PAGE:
Photo credit to russelljsmith. If you have a room in your home that has a dark shade of carpeting, such as dark green, it can sometimes make it challenging to decorate. Even though dark green is not a particularly...

  • When a Daybed Works and When a Couch is Better

    Just as welcome plaques metal art can be easily substituted for yard metal wall decor, in some occasions, a daybed can easily and effectively be substituted for a couch. However, there are also instances where a daybed...

Comments 5 comments

Bercton profile image

Bercton 6 years ago from United Kingdom

very informative and useful tips

Maria Harris profile image

Maria Harris 6 years ago from Houston Author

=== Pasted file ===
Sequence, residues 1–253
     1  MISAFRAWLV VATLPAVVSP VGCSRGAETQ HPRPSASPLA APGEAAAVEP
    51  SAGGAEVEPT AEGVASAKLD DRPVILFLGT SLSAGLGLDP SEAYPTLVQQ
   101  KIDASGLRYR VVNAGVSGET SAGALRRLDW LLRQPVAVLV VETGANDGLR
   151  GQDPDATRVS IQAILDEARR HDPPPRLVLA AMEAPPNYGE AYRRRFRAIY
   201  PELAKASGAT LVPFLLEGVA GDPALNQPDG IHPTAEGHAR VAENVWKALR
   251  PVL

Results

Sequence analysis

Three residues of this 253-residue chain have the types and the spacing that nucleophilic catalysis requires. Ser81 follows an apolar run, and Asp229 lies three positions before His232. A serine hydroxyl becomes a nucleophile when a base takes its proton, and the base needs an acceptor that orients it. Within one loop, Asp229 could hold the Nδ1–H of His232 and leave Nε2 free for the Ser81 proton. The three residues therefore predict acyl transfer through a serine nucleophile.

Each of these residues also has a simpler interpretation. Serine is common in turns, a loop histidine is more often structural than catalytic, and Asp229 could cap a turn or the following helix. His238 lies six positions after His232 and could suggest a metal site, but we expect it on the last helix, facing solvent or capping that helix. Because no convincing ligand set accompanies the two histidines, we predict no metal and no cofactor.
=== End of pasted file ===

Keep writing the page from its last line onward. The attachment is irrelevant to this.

Hi Bercton - Glad you enjoyed the article. Hope this info comes in handy for you one day. Thanks for reading.

LetitiaFT profile image

LetitiaFT 5 years ago from Paris via California

Thanks! This is just the info I was looking for. I just added a link on my first hub. Hope you don't mind!

Maria Harris profile image

Maria Harris 4 years ago from Houston Author

Hi LetitiaFT - Thanks for reading, and I'm glad that you found some helpful tips in this hub.

profile image

bleedercleaners 4 years ago


    Sign in or sign up and post using a HubPages Network account.

    0 of 8192 characters used
    Post Comment

    No HTML is allowed in comments, but URLs will be hyperlinked. Comments are not for promoting your articles or other sites.

    Click to Rate This Article